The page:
Preface

This volume is the record of the special session on computational aspects of

arithmetic geometry at the April, 2006 regional meeting of the American Mathe-

matical Society at San Francisco State University. Our session attracted a large

number of outstanding researchers in the field, many of whom presented talks at

the session and contributed manuscripts to this volume.

In planning our gathering, we decided to stress computational issues because

of recent and ongoing increases in computing power. These increases have enabled

computational breakthroughs in any number of areas of arithmetic geometry. For

example, Cremona's tables of elliptic curves now go up to conductor 120,000 instead

of just conductor 1,000; tables of Hilbert class fields are known for discriminant up

to at least 5,000; and special values of Hilbert and Siegel modular forms can be

calculated to extremely high precision. In many cases, these experimental capabil-

ities have led to new observations and ideas for progress in the field. They have

also led to natural algorithmic questions on the feasibility and efficiency of many

computations, especially for the purpose of applications in cryptography.

As our gathering took shape, we were able to identify themes that united clus-

ters of talks: modular abelian varieties; Tate-Shafarevich groups of elliptic curves;

Stark's conjectures; Hilbert modular varieties; curves with complex multiplication.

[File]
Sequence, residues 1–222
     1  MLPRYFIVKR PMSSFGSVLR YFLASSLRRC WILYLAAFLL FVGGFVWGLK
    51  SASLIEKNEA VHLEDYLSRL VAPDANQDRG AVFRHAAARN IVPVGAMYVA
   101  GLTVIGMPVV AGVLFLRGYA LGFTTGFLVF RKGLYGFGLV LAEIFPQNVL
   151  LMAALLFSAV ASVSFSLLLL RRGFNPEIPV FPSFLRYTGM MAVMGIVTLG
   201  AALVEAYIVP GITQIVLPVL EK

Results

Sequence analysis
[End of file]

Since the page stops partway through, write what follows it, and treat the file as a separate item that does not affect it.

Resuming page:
In scheduling the lectures, we grouped these clusters together whenever possible.

A thread that ran through a number of the talks was the application of num-

ber theory and algebraic geometry to cryptography and coding theory. Potential

applications in these areas have suggested interesting mathematical questions and

computational challenges that are addressed by articles in this volume. For exam-

ple, the article by Bach and Charles addresses hardness of computing eigenforms

and relates it to breaking RSA cryptosystems based on the hardness of factoring

integers. The contribution by Broker and Stevenhagen addresses the issue of gen-

erating elliptic curves for use in cryptography by finding an efficient algorithm for

generating good parameters for using the CM (complex multiplication) method.

The contribution by Deajim and Grant uncovers interesting number theory ques-

tions when constructing good space-time codes. Two papers relate to zeta functions

of curves and surfaces, one providing algorithms for computing zeta functions and

one answering the question of which zeta functions of supersingular genus 2 curves

are possible over finite fields of characteristic 3. We hope that this collection will

interest number theorists, algebraic geometers and cryptographers and that its con-

tents will contribute to the ongoing interaction among these groups.

ix

Kristin Lauter

Ken Ribet